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This is a problem I'm having in Chrome. It does not happen in Firefox. I will provide CSS, HTML, and Jquery Examples at the bottom.

The problem: When I hover over a PNG (which happens to be in a carousel jquery plugin right now), a hover image replaces the initial PNG. It even happens when I drag an element with Jquery's drag and drop functionality. It works without any problems, but the background slightly shifts or becomes distorted for just a second when it happens. It's not a great user experience, and I was wondering if someone knew how to fix it. Let me know what code you need to look at.

Code Examples


<li id="img-home"><img id="img-home-src" src="<?php echo base_url();?>files/assets/images/homepage/img.png" alt="" /></li>


li {
    text-align: center;
    cursor: pointer;

    display: inline-block;
    padding: 0 0 0 0;
    margin: 0 0 0 0;

    padding: 0 0 0 0;
    margin: 0 0 0 0;border:0;



    function () {
          $("#img-home-src").attr("src","<?php echo base_url();?>files/assets/images/homepage/img_hover.png");
    function () {
          $("#img-home-src").attr("src","<?php echo base_url();?>files/assets/images/homepage/img.png");
share|improve this question
how are you implementing the hover? Can you make a short sample html? –  Dan Pichelman Jul 27 '12 at 14:44
The image sources are correct, so nevermind the part about the <?php echo base_url();?>, that's just some CI (PHP) code. Here's the pastebin: pastebin.com/9bmt3Zsu –  willbeeler Jul 27 '12 at 14:52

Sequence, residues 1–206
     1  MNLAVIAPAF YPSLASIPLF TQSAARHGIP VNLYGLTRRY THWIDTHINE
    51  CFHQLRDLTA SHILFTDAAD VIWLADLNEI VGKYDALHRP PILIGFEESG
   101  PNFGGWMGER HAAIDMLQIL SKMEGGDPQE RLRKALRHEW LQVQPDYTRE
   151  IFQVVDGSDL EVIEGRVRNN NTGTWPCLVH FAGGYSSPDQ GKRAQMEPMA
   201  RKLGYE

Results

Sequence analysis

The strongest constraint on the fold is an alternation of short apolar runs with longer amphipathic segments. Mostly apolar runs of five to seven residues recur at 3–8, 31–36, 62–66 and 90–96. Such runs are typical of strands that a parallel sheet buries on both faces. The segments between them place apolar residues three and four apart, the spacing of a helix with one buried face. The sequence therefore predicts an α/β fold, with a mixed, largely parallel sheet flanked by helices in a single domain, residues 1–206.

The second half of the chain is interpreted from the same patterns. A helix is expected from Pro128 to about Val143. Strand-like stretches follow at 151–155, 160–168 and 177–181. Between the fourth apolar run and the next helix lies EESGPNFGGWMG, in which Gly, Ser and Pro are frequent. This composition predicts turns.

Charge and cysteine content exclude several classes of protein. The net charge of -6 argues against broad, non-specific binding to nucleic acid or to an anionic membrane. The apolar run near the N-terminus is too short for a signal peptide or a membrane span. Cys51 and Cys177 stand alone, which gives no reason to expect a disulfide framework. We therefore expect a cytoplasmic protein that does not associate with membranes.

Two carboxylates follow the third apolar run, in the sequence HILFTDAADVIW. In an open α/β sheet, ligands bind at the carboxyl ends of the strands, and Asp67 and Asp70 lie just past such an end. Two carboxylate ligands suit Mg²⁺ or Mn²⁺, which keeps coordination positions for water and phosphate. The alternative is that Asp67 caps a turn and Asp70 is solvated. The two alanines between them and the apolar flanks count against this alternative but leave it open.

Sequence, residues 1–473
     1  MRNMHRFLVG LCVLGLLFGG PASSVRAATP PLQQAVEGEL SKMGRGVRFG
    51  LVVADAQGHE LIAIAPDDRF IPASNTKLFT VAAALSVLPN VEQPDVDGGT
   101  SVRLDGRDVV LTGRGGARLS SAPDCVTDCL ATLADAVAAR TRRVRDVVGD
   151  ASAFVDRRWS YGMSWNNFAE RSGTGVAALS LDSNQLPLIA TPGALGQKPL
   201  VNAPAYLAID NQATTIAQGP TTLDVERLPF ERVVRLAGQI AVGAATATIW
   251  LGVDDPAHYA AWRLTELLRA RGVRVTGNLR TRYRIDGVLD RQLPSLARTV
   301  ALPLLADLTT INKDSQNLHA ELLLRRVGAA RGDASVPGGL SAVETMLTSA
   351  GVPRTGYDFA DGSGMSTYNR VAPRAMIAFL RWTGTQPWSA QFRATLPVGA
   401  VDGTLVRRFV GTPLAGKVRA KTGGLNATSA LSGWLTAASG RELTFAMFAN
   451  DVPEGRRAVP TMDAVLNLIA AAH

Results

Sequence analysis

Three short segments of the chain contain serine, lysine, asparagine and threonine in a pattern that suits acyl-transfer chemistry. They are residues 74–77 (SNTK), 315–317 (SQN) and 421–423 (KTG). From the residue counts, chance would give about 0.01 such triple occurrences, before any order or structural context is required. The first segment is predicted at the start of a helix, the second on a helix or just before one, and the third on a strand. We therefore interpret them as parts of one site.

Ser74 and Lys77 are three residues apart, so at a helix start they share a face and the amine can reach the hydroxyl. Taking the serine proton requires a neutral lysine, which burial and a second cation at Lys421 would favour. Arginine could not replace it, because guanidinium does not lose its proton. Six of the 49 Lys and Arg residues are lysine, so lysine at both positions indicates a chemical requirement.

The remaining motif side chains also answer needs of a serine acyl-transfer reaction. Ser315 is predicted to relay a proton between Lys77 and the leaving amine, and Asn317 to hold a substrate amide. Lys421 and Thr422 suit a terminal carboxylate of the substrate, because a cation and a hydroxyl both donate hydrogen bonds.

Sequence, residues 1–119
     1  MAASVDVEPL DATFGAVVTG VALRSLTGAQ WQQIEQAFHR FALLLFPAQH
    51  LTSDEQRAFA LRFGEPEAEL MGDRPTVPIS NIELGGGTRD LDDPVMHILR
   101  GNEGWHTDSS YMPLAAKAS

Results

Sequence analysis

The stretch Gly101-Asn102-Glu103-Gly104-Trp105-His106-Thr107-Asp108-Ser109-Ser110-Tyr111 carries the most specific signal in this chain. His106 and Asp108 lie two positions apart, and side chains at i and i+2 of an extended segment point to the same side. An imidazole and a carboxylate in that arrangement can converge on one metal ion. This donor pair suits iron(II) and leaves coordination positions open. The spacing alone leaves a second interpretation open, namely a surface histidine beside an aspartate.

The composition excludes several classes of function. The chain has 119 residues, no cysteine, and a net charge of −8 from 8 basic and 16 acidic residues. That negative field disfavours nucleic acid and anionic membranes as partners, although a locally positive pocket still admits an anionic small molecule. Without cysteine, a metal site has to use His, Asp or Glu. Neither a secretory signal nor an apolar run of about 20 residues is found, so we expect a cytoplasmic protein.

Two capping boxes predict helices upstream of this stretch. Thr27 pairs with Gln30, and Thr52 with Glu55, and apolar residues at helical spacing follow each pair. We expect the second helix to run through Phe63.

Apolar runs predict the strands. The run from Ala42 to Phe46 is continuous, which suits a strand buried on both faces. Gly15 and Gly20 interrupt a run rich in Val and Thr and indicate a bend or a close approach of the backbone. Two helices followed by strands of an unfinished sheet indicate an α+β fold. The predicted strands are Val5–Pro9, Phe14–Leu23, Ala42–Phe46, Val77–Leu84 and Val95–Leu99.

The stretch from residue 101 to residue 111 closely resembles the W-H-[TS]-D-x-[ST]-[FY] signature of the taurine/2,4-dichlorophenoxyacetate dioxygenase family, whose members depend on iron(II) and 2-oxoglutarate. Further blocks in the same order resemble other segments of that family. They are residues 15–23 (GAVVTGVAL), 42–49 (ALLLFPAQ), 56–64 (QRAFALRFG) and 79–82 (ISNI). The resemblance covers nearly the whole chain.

The most obvious thing would be to check that img.png and img_hover.png are definitely both the same width and height. –  Billy Moat Jul 27 '12 at 15:05
They are: 386 x 484, each one. –  willbeeler Jul 27 '12 at 15:08
Post an example on jsFiddle.net. –  j08691 Jul 30 '12 at 3:27

5 Answers 5

I think (as previous answers mention) that this is a cache/loading issue. The simple fix is to set a background-image via CSS on it so that it preloads the image:

Demo: http://jsfiddle.net/SO_AMK/cgMxe/4/

HTML (CSS Declared inline so that you can still use PHP easily):

<li id="img-home">
    <img id="img-home-src" src="http://dummyimage.com/386x484/000/0011ff&text=Test+Image" style="background-image: url(<?php echo base_url();?>files/assets/images/homepage/img_hover.png);" alt="" />

CSS: Same

jQuery: Same

share|improve this answer
Thanks for your answer. I apologize, but I didn't know what the problem was until a little while ago. See my answer for details. –  willbeeler Aug 4 '12 at 23:23

Do you really need to use jQuery to toggle images on hover?
It is rather heavy solution, which also create problems with cache, because new image starts to download only on hover action.

You can use pure css to achieve your goal (improve user experience) with sprite technique, which decrease time of downloading additional images to zero, because each image for each state (hover, active) of combined in one small image, which loaded instantly:

Demo on dabblet

#img {
    width: 300px;
    height: 150px;
    background: url('//placekitten.com/g/300') no-repeat; 

#img:hover { background-position: 0 100%; }

Read more about sprites:

share|improve this answer
+1 for the pure css way. There are other 'css only' ways also but this one (IMHO) works the best. –  James Khoury Jul 30 '12 at 23:30